Judea was part of the Ptolemaic Kingdom of Egypt from 200 BCE when King Antiochus III the Great of Syria defeated King Ptolemy V Epiphanes of Egypt at the Battle of Panium. Judea became at that moment part of the Seleucid Empire of Syria. King Antiochus III the Great, wanting to conciliate his new Jewish subjects guaranteed their right to "live according to their ancestral customs" and to continue to practice their religion in the Temple of Jerusalem. However in 175 BCE, Antiochus IV Epiphanes, the son of Antiochus III invaded Judea, ostensibly at the request of the sons of Tobias. The Tobiads, who led the Hellenizing Jewish faction in Jerusalem, were expelled to Syria around 170 BCE when the high priest Onias and his pro-Egyptian faction wrested control from them. The exiled Tobiads lobbied Antiochus IV Epiphanes to recapture Jerusalem. As the ancient Jewish historian, Flavius Josephus, tells us "The king being thereto disposed beforehand, complied with them, and came upon the Jews with a great army, and took their city by force, and slew a great multitude of those that favored Ptolemy, and sent out his soldiers to plunder them without mercy. He also spoiled the temple, and put a stop to the constant practice of offering a daily sacrifice of expiation for three years and six months."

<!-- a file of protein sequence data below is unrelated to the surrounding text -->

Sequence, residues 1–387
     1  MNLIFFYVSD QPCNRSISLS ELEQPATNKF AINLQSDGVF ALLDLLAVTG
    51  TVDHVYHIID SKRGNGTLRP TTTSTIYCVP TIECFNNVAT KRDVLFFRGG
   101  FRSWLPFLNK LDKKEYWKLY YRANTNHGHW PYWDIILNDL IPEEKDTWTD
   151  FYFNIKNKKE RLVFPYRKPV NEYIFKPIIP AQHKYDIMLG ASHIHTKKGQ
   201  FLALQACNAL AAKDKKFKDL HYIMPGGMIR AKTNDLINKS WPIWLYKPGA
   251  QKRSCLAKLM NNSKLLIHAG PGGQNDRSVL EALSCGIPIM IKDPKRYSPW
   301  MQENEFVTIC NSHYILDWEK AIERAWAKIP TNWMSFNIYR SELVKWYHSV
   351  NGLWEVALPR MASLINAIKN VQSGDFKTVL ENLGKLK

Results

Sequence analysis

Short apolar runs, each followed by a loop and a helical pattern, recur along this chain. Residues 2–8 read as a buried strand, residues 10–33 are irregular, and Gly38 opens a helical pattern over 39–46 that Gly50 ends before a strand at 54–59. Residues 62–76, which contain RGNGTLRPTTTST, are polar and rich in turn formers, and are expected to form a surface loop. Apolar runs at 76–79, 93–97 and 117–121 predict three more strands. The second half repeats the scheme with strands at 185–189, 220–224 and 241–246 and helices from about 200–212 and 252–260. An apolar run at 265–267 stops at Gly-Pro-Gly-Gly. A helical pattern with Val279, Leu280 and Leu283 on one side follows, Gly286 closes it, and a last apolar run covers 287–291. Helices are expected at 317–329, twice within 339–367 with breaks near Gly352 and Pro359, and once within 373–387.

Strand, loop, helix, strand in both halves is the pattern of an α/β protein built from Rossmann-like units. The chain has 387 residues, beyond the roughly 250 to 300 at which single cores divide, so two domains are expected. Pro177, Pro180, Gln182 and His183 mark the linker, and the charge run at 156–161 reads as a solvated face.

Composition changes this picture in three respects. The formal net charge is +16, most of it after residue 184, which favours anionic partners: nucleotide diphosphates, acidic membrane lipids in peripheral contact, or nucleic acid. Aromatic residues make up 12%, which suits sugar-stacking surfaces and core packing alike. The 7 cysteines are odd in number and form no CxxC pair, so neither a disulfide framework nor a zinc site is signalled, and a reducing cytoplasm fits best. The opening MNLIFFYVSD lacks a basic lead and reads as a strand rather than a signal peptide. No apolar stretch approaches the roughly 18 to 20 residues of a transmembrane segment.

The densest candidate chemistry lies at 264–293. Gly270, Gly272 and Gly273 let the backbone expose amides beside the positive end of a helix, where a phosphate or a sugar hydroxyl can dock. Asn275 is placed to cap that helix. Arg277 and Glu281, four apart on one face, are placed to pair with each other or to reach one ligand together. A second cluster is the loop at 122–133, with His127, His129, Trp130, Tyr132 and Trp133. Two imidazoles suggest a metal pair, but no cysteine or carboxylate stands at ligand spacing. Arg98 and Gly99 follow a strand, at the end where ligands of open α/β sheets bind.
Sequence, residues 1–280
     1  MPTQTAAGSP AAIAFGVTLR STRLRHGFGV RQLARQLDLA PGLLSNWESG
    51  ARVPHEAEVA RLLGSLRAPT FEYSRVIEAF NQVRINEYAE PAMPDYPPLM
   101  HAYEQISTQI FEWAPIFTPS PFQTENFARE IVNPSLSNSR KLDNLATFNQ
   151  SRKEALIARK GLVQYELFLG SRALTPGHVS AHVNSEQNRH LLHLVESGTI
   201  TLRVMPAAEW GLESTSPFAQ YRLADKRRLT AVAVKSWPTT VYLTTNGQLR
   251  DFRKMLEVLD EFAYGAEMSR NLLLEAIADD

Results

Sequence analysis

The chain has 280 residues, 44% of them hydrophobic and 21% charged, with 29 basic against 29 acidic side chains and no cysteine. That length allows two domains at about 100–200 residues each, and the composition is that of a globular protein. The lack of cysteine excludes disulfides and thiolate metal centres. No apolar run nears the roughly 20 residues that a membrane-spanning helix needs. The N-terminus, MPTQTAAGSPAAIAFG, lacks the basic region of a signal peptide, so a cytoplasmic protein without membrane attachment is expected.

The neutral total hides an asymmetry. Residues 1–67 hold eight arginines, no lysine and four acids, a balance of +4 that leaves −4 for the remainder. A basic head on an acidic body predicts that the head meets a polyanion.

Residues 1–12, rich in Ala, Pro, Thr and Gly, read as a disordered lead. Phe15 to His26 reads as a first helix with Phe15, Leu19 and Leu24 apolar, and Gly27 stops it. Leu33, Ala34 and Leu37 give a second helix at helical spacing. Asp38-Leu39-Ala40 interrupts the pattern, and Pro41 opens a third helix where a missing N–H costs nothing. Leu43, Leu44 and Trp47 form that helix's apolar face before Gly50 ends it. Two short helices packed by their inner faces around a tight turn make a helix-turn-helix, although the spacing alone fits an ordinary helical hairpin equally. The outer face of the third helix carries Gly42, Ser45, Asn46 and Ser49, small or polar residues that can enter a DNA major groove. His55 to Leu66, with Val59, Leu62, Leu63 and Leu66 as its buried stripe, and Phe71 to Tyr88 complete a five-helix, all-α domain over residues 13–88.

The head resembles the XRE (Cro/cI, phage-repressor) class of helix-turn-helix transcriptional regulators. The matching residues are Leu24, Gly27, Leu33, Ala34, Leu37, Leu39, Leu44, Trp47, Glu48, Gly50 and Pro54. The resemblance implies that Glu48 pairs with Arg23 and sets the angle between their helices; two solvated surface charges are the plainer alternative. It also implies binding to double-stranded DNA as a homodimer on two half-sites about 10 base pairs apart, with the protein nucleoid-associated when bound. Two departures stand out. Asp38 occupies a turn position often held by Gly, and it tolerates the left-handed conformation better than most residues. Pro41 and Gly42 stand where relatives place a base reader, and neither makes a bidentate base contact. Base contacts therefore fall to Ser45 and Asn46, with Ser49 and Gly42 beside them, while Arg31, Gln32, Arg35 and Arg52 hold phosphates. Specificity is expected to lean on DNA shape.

When the Second Temple in Jerusalem was looted and services stopped, Judaism was outlawed. In 167 BCE, Antiochus ordered an altar to Zeus erected in the Temple. He banned circumcision and ordered pigs to be sacrificed at the altar of the temple. Antiochus's actions provoked a large-scale revolt. Mattityahu, a Jewish priest, and his five sons Jochanan, Simeon, Eleazar, Jonathan, and Judah led a rebellion against Antiochus. Judah became known as Yehuda HaMakabi (which means "Judah the Hammer"). By 166 BCE, Mattathias had died, and Judah took his place as leader. By 165 BCE, the Jewish revolt against the Seleucid monarchy was successful. The Temple was liberated and new holy vessels were made. According to the Talmud, olive oil was needed for the menorah in the Temple, which was required to burn throughout the night, every night. The story goes that there was only enough oil to burn for one day, yet it burned for eight days, the time needed to prepare a fresh supply of oil for the menorah. An eight-day festival was declared by the Jewish sages to commemorate this miracle.